Jun 22, 2015 | By Anna Ross
Ottavio “Tai” Missoni, founder of his eponymous Italian knitwear company, Missoni, died peacefully in his home in Northern Italy at the age of 92.
Mr. Missoni has left behind a compelling legacy. His unexpected fashion narrative began during his time as a track and field star, when he and fellow teammate Giorgio Oberweger produced the “Venjulia” wool tracksuit for the Italian team in the 1948 London Olympics. In London, Mr. Missoni enjoyed the opportunity of qualifying for the 400 meter hurdle race, as well as meeting his future wife, Rosita, whose family ran a shawl and embroidery business.
The artisan duo set up a workshop where they developed machinery that would produce the distinctive and now-iconic Missoni zigzag pattern. Though they worked in tandem, Ottavio was the technical half, masterfully concocting vibrant and animated designs that took influence from folk textiles and Art Deco paintings. Their allegiance with fashion editor Anna Piaggi put the company’s name on the map in the mid-60s and in the birth of the read-to-wear era of the 1970s, “Missoni-ism” had found mass appeal. The knitwear company has since then diversified to home decor and fragrances under the management of the Missoni children, but the hallmark space-dyed and melange knits remain highly covetable and collectable.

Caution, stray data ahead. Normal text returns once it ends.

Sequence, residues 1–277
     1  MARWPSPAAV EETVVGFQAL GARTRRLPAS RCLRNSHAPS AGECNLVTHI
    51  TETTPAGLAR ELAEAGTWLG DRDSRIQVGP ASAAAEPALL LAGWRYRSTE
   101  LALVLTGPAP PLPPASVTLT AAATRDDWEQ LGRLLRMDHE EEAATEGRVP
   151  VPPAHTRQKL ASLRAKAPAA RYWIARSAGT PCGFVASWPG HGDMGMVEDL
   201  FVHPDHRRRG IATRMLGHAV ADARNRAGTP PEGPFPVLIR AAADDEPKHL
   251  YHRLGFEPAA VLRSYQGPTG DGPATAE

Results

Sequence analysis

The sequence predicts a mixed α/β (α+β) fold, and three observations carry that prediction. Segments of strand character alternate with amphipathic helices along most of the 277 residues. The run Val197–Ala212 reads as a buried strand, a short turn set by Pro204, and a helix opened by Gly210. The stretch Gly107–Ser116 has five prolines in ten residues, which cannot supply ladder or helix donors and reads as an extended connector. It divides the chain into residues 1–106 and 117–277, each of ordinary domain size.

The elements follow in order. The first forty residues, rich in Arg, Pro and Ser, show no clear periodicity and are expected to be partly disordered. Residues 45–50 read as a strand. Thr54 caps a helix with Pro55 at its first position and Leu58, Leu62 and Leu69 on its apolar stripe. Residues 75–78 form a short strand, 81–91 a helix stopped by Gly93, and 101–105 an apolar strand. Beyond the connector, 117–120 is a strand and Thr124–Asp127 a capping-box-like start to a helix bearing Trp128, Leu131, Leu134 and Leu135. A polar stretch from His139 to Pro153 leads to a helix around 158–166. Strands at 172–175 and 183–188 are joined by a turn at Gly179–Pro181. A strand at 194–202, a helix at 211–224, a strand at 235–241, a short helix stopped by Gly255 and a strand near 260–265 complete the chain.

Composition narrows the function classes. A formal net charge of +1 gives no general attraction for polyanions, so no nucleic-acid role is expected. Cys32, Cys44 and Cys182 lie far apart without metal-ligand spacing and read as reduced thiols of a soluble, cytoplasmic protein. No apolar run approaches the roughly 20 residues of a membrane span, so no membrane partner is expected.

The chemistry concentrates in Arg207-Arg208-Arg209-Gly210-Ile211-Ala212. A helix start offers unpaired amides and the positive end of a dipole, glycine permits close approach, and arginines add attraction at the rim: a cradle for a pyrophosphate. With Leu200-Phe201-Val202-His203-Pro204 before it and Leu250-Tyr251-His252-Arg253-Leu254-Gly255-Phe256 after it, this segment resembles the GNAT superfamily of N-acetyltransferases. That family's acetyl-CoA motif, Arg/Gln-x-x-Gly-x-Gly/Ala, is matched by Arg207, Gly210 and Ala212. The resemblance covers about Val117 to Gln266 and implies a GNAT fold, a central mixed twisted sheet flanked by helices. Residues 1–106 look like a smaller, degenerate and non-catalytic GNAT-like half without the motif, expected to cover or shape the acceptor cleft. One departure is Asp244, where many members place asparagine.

The patriarch’s death comes as an untimely second blow to a family that is still mourning the disappearance of Ottavio and Rosita’s son, Vittorio, whose plane went missing off the coast of a Venezuelan island four months ago. But the legacy of Ottavio Missoni is one of family and artisanship, and surviving family members will continue to preserve these values.
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